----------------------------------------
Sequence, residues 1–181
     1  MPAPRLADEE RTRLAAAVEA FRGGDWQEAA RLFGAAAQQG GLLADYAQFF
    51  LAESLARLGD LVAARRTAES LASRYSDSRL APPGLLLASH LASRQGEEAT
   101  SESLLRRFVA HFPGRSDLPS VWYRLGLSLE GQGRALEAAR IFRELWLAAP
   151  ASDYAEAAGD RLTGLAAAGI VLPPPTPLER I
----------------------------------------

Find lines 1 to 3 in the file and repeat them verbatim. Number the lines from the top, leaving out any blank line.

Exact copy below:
Sequence, residues 1–181
     1  MPAPRLADEE RTRLAAAVEA FRGGDWQEAA RLFGAAAQQG GLLADYAQFF
    51  LAESLARLGD LVAARRTAES LASRYSDSRL APPGLLLASH LASRQGEEAT